As it is proven that human resources are the most important resources than physical and financial resources of an organization, it is imperative that organizations must invest heavily to make the organization’s culture highly inclined towards learning. In this context, the attitude of our company had always remained the same – to have a workforce that is the best in both the core skills as well as soft-skills. (Source: http://www. mier. org. my/mierscan/archives/pdf/elayne4_10_2004. pdf) Downsizing In the event of a crisis (like the U. S. ub-prime crisis), I would support downsizing. I would downsize those new employees in the on-the-job training (OJT) level. Since they have not moved into production, they will be the people who could be downsized. My way of employee lay-offs will be more like right-sizing rather than downsizing. Downsizing happens because of the following major reasons: – Production cutbacks – Market considerations – Facility considerations and – Internal restructuring or reorganization (Source: Raymond J. Stone, “Human Resource Management,” John Wiley & Sons Ltd. Fifth Edition: 2005)
If a company is in the manufacturing industry, it is agreeable to lay off employees in the middle management levels as well. These employees are mostly supervisors. After the lay-off, other measures can be taken like – making 2 supervisors look after the job instead of 4. If it is a services company, it is difficult to lay-off employees because most of the employees in a services company are white-collared professionals – highly-skilled employees. Downsizing Precautions Downsizing must never be done in a haphazard manner. It must be carried out after a thorough analysis and planning.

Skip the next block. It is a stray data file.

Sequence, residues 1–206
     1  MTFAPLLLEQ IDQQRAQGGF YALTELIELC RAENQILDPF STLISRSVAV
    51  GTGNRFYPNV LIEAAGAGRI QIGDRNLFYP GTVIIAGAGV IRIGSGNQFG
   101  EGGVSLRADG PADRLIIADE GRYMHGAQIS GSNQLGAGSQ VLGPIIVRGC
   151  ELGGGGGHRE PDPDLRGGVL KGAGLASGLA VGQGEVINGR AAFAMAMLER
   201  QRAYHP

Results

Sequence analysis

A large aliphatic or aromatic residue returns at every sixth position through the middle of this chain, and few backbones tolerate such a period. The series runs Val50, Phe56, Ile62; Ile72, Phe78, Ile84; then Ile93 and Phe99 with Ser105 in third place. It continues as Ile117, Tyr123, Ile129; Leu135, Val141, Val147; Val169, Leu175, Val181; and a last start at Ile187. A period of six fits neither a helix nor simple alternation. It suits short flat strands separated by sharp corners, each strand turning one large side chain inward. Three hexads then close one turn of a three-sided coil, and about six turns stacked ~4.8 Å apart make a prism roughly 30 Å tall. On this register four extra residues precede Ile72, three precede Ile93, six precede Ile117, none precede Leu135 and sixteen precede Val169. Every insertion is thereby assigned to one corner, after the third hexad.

Understanding the workforce profile prior to downsizing helps the organization anticipate which group of workers will be affected by downsizing the most. Downsizing must be based on the following criteria: 1. Seniority 2. Particular job positions 3. Elimination of highly-compensated workers and 4. Job performance (Source: H. M. O’Neill and D. J. Lenn, “Voices of survivors: words that downsizing CEOs should hear”, Academy of Management Executive, vol. 9, no. 4, 1995) Effective Downsizing 1. Promote open and frequent communication to encourage employees to become part of the change process 2.
Retain those employees who have the right combination of skills and knowledge needed to achieve the organization’s vision and mission. 3. Target specific inefficiencies, redundancies and low-value activities for elimination 4. Treat those employees who lose their jobs with compassion and dignity 5. Plan the restructuring efforts and link it to organization’s business objective (Source: M. K. De Vries and K. Balazs, “The human side of downsizing”, European Management Journal, vol. 14, no. 2, 1996) Alternatives to Downsizing – Real-Life Examples